Magnolia x soulangiana
Southeast corner of the Legislative Building
- Deciduous, growing 15-20 feet tall and 20-30 feet wide.
- Large, tulip-like pink/white blossoms in early spring with smooth, light gray bark.
- Landscape uses include specimen, patio tree.
History and significance:
The saucer magnolia is a garden hybrid that was developed strictly for ornamental purposes. These small trees originated from Chevalier Étienne Soulange-Bodin, an officer in Napoleon’s army. He hybridized two Chinese magnolia species to create the saucer magnolia, which first flowered in 1826.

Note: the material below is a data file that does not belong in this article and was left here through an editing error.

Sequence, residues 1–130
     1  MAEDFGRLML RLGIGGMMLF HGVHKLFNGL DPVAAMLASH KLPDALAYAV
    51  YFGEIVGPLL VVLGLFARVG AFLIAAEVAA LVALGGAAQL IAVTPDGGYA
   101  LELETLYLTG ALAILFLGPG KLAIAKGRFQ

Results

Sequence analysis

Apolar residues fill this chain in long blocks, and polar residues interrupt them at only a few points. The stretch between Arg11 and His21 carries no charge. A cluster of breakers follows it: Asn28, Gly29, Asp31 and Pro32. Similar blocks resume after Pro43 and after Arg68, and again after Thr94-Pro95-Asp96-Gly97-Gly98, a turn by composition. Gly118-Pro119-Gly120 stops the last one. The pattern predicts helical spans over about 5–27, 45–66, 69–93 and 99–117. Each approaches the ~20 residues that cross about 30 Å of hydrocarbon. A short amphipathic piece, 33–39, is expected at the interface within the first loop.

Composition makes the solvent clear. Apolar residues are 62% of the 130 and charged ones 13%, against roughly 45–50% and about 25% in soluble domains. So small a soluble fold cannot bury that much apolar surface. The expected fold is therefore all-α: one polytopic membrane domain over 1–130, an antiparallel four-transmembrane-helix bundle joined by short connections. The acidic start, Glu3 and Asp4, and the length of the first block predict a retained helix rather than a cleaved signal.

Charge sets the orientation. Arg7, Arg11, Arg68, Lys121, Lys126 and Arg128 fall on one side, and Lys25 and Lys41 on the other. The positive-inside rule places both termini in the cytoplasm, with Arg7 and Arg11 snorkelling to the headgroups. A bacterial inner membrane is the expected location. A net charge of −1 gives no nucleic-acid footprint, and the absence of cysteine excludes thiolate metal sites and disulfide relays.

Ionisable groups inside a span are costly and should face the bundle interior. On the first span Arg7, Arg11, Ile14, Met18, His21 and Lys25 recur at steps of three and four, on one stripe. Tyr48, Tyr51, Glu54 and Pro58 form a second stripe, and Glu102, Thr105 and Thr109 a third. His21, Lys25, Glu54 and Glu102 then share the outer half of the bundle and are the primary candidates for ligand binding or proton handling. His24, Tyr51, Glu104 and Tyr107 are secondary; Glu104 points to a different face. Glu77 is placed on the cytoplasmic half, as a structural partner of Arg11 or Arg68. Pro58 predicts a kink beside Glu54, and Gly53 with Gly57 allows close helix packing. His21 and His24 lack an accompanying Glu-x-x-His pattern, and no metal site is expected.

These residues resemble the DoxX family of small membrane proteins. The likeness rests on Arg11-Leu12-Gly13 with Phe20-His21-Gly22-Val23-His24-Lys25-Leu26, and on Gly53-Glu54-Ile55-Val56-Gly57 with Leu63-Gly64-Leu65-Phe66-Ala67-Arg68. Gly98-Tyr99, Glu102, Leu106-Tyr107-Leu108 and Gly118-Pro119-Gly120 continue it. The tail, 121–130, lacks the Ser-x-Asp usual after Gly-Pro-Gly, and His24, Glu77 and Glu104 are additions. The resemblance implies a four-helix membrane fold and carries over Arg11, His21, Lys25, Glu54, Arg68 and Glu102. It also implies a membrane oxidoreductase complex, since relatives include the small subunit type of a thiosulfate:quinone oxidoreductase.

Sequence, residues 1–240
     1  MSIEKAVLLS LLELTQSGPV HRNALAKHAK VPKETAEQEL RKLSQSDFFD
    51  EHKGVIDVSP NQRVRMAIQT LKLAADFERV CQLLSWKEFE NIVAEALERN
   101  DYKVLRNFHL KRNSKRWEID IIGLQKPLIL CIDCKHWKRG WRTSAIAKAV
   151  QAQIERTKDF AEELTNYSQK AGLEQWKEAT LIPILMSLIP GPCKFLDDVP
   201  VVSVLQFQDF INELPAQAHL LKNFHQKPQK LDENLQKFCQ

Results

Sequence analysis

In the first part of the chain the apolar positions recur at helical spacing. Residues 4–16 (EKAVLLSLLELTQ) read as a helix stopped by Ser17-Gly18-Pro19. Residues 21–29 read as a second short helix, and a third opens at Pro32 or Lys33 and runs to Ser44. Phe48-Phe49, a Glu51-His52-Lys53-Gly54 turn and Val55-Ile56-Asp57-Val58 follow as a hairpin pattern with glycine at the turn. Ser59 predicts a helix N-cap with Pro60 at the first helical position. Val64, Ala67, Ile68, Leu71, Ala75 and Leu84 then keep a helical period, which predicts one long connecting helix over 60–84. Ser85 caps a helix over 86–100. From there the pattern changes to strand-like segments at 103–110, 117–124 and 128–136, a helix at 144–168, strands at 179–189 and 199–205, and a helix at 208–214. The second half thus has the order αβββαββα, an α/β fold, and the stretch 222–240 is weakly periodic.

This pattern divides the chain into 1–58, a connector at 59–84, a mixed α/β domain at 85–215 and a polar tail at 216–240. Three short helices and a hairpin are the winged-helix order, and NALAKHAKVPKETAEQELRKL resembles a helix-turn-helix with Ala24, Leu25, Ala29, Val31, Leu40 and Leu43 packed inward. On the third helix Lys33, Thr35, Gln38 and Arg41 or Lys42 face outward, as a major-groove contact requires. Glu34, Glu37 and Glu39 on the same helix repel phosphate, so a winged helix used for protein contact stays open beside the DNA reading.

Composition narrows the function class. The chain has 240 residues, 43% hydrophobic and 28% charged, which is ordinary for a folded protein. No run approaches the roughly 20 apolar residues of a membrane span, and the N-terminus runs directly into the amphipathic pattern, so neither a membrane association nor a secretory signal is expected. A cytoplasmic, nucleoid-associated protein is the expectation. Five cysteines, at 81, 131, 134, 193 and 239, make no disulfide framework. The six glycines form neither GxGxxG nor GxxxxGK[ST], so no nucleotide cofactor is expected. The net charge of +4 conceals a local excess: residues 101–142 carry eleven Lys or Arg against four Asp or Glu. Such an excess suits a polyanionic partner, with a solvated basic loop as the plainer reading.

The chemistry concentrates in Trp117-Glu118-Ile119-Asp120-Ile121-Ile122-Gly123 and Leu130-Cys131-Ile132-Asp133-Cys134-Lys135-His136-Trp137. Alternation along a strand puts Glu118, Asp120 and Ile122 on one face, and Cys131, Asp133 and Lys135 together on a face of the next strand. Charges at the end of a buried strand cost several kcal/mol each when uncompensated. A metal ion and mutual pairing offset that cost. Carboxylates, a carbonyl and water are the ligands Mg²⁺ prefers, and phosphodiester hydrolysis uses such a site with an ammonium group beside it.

A saucer magnolia that once stood near the southeast entrance to the Legislative Building was christened the "sine die tree" in the 1960s by Jack Pyle — a longtime capitol correspondent for the Tacoma News Tribune — because its annual early-March blooming coincided with the end of the Legislature's 60-day session. When a new sidewalk was built in 1975 the original sine die tree was cut down by mistake. Legislators preserved the tradition by having this replacement saucer magnolia planted as the new sine die tree.